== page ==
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Why I Only Mediate On Zoom

You really do not want to resume face-to-face mediation any time soon.  Sure, being in person has advantages.  The risk just does not justify it.

Most of what we hear in the news concerns public health. Yet even if the curve is flattening so hospitals not overwhelmed, if you are infected, you’ll be underneath that curve.  Potentially dead.

Erin Bromage, a biologist who specializes in infectious diseases, has written about individual health risks as distinguished from public health.  His post, “The Risks – Know Them – Avoid Them,” from way back on May 6, suggests a simple formula to measure risk: density of people, quality of ventilation and most of all, time.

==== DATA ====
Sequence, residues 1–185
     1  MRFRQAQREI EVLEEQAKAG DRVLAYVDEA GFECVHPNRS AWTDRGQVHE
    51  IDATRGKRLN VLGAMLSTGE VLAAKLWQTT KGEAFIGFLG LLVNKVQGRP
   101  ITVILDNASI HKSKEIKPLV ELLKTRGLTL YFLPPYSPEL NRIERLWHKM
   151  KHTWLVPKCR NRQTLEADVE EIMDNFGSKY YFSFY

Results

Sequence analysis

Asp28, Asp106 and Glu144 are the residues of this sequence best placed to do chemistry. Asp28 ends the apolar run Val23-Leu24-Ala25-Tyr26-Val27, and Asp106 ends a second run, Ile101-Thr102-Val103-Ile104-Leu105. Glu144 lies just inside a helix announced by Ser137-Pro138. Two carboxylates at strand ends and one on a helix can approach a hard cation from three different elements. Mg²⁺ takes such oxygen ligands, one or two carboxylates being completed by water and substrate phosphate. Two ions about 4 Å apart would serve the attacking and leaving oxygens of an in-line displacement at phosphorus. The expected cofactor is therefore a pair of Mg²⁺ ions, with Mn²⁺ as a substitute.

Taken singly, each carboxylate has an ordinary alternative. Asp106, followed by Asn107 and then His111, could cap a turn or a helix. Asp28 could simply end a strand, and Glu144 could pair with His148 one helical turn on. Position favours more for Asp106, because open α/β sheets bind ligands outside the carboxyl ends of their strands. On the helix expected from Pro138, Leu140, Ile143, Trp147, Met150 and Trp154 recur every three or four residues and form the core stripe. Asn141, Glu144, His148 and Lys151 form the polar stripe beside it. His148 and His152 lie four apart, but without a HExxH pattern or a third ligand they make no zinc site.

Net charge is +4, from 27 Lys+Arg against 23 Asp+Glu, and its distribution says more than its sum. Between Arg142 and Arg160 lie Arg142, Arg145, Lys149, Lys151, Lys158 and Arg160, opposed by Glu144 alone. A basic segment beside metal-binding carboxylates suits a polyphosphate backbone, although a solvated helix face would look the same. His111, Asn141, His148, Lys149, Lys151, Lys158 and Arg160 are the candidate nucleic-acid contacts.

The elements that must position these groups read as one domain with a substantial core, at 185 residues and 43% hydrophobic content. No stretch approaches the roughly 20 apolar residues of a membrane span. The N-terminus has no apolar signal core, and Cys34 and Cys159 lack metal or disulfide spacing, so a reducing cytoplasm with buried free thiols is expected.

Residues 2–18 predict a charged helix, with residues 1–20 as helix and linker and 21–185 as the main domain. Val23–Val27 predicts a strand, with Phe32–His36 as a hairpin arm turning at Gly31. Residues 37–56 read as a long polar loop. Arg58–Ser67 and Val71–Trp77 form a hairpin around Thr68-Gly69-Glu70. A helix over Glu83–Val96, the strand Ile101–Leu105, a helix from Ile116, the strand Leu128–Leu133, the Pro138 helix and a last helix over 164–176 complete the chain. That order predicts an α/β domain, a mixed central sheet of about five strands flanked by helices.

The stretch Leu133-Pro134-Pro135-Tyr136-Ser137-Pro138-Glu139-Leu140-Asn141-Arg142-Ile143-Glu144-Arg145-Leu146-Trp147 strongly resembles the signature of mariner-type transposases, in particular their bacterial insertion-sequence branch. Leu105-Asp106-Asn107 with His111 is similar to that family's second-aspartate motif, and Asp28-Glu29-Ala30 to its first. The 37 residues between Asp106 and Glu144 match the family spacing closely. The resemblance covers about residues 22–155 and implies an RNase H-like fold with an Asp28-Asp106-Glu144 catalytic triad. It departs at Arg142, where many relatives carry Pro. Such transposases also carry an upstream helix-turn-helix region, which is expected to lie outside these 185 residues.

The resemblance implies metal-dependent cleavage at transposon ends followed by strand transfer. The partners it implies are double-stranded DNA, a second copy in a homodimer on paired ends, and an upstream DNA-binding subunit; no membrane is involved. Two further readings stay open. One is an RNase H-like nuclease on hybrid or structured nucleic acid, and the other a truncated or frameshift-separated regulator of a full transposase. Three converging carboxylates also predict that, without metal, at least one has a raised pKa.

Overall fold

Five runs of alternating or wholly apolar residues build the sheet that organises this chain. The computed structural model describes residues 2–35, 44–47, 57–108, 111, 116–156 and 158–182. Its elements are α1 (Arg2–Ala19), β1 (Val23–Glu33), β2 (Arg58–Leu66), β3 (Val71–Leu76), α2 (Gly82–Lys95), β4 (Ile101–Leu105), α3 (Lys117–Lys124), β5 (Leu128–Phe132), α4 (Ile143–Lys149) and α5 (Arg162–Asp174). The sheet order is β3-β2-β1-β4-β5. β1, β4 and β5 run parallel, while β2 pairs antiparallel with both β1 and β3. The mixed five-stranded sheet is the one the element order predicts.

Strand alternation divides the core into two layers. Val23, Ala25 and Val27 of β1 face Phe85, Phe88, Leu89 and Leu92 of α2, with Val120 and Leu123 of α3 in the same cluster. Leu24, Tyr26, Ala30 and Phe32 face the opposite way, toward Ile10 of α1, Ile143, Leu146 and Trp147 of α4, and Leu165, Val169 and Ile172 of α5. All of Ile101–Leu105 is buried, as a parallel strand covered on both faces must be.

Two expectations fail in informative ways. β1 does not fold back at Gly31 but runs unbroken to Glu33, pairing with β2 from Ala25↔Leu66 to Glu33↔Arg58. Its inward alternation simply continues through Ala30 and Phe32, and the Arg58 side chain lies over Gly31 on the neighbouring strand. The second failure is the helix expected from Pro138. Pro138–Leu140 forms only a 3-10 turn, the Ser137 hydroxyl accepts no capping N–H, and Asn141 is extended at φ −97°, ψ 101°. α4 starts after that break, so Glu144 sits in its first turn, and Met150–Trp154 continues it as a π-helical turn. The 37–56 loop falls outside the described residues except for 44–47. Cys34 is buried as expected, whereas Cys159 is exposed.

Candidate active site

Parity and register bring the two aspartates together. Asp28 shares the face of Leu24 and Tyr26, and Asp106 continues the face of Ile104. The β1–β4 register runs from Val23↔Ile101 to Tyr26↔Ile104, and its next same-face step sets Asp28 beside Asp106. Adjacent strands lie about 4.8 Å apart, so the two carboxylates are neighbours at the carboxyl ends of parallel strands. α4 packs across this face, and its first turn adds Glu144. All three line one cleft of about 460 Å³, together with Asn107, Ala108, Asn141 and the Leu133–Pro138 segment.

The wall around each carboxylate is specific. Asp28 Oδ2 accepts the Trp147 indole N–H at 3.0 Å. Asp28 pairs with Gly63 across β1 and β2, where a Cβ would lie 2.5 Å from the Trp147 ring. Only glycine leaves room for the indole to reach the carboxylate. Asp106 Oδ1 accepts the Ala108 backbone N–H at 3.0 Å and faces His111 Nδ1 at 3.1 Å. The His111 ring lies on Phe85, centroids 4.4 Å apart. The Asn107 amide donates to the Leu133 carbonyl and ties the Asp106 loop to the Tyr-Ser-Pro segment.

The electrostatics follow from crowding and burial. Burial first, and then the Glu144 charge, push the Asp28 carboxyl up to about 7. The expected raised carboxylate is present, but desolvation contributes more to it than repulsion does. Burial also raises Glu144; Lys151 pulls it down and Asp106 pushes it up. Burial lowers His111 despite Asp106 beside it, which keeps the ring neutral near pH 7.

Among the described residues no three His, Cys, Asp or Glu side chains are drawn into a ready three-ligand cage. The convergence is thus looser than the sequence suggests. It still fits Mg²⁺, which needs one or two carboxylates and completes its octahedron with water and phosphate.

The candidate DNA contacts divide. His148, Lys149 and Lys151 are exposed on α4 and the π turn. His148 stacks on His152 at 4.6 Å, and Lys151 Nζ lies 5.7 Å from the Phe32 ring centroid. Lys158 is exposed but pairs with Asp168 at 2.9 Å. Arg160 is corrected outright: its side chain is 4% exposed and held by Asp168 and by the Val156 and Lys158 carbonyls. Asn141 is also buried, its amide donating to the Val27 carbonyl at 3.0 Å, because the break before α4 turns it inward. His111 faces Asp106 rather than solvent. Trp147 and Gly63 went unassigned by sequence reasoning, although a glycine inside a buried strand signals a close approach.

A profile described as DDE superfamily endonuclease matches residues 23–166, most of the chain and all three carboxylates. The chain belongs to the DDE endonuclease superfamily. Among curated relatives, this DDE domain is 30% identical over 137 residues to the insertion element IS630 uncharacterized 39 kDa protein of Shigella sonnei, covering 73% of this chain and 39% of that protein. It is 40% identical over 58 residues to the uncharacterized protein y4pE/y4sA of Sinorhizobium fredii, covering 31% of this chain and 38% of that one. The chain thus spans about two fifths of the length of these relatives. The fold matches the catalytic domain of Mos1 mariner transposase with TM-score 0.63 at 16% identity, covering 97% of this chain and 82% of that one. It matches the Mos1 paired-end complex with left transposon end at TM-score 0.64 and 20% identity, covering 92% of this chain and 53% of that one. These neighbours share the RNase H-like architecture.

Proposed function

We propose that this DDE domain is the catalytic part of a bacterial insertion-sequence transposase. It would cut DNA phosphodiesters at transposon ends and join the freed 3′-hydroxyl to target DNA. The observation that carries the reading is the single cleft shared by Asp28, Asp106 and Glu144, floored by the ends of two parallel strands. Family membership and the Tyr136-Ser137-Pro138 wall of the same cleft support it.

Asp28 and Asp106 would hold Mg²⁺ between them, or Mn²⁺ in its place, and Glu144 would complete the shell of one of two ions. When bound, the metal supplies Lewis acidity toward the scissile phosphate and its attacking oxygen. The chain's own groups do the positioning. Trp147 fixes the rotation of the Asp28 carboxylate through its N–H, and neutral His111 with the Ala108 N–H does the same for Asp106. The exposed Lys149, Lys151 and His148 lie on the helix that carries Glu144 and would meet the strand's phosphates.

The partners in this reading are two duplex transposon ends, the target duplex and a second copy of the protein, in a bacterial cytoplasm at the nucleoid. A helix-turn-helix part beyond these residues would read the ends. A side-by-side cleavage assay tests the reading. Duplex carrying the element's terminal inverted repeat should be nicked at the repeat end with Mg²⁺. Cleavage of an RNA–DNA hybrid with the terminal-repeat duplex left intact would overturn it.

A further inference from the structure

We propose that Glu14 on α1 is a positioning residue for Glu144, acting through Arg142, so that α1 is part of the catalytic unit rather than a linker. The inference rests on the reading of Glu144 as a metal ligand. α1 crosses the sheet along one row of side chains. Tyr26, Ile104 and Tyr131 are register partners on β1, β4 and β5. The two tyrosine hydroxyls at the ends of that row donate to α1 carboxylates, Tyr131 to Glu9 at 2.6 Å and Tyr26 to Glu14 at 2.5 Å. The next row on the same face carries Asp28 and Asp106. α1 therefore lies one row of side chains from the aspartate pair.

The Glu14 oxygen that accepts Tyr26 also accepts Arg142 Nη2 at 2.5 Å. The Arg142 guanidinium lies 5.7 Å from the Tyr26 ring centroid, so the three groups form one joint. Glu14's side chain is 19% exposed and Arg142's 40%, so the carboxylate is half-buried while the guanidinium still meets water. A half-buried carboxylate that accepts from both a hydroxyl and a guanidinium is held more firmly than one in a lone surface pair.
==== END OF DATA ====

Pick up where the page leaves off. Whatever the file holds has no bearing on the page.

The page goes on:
People don’t have symptoms for the first few days they’re infected but are contagious.  If you are in an enclosed space with someone like that for a period of hours, which you will be in every mediation, you will get it.  Six feet apart is not a silver bullet.  Hours later, if someone with the virus has been in the room, it can still be a dangerous place.

Mediators—and lawyers—are in the business of minimizing risk.  The difference between in-person and being on video not enough to risk lives over.

Licensed to practice law in Illinois and Pennsylvania.

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